The American Psychological Association (APA), in Washington, DC, is the largest scientific and professional organization representing psychology in the United States and is the world’s largest association of psychologists. APA’s membership includes more than 155,000 researchers, educators, clinicians, consultants and students. Through its divisions in 53 divisions of psychology and affiliations with 60 state, territorial and Canadian provincial associations, APA works to advance psychology as a science, as a profession and as a means of promoting human welfare.


Story Source:

The above story is based on materials provided by American Psychological Association. Note: Materials may be edited for content and length.


Cite This Page:

American Psychological Association. "Snakes And Spiders Grab Our Attention And Grab It Even Faster If We’re Phobic, A Sign That Perception Evolved." ScienceDaily. ScienceDaily, 11 September 2001. <www.sciencedaily.com/releases/2001/09/010911073152.htm>.
American Psychological Association. (2001, September 11). Snakes And Spiders Grab Our Attention And Grab It Even Faster If We’re Phobic, A Sign That Perception Evolved. ScienceDaily. Retrieved July 24, 2014 from www.sciencedaily.com/releases/2001/09/010911073152.htm
American Psychological Association. "Snakes And Spiders Grab Our Attention And Grab It Even Faster If We’re Phobic, A Sign That Perception Evolved." ScienceDaily. www.sciencedaily.com/releases/2001/09/010911073152.htm (accessed July 24, 2014).

Share This




More Mind & Brain News

Thursday, July 24, 2014

Featured Research

from universities, journals, and other organizations


Featured Videos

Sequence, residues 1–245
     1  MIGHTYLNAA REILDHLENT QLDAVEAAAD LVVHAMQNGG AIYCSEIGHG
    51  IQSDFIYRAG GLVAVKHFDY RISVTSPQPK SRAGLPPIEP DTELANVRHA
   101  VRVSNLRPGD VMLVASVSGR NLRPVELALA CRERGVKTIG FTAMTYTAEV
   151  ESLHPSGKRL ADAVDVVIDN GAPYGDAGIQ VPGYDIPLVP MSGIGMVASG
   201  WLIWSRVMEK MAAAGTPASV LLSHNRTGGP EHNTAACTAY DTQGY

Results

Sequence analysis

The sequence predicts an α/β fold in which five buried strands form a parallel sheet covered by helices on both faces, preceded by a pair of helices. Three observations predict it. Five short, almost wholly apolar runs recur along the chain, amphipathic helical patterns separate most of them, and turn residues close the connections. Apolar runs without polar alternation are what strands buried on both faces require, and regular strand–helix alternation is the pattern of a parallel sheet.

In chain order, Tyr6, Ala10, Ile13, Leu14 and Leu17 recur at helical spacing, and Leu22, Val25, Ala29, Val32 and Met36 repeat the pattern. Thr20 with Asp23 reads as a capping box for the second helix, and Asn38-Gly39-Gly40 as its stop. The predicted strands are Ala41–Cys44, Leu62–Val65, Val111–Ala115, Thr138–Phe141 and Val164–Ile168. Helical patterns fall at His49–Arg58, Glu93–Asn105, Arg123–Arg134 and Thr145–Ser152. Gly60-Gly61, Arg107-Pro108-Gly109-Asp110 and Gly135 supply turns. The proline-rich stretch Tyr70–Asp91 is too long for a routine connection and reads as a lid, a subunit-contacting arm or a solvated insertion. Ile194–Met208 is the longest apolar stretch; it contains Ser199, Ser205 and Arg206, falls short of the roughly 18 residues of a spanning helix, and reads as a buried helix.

from AP, Reuters, AFP, and other news services

New Painkiller Designed To Discourage Abuse: Will It Work?

New Painkiller Designed To Discourage Abuse: Will It Work?

Newsy (July 24, 2014) — The FDA approved Targiniq ER on Wednesday, a painkiller designed to keep users from abusing it. Like any new medication, however, it has doubters. Video provided by Newsy
Powered by NewsLook.com
Can Watching TV Make You Feel Like A Failure?

Can Watching TV Make You Feel Like A Failure?

Newsy (July 24, 2014) — A study by German researchers claims watching TV while you're stressed out can make you feel guilty and like a failure. Video provided by Newsy
Powered by NewsLook.com
China's Ageing Millions Look Forward to Bleak Future

China's Ageing Millions Look Forward to Bleak Future

AFP (July 24, 2014) — China's elderly population is expanding so quickly that children struggle to look after them, pushing them to do something unexpected in Chinese society- move their parents into a nursing home. Duration: 02:07 Video provided by AFP
Powered by NewsLook.com
Idaho Boy Helps Brother With Disabilities Complete Triathlon

Idaho Boy Helps Brother With Disabilities Complete Triathlon

Newsy (July 23, 2014) — An 8-year-old boy helped his younger brother, who has a rare genetic condition that's confined him to a wheelchair, finish a triathlon. Video provided by Newsy
Powered by NewsLook.com

Search ScienceDaily

Number of stories in archives: 140,361

Find with keyword(s):
 
Enter a keyword or phrase to search ScienceDaily for related topics and research stories.

Save/Print:
Share:  

Breaking News:
from the past week

In Other News

... from NewsDaily.com

Science News

    Health News

      Environment News

        Technology News



          Save/Print:
          Share:  

          Free Subscriptions


          Get the latest science news with ScienceDaily's free email newsletters, updated daily and weekly. Or view hourly updated newsfeeds in your RSS reader:

          Get Social & Mobile


          Keep up to date with the latest news from ScienceDaily via social networks and mobile apps:

          Have Feedback?


          Tell us what you think of ScienceDaily -- we welcome both positive and negative comments. Have any problems using the site? Questions?
          Mobile iPhone Android Web
          Follow Facebook Twitter Google+
          Subscribe RSS Feeds Email Newsletters
          Latest Headlines Health & Medicine Mind & Brain Space & Time Matter & Energy Computers & Math Plants & Animals Earth & Climate Fossils & Ruins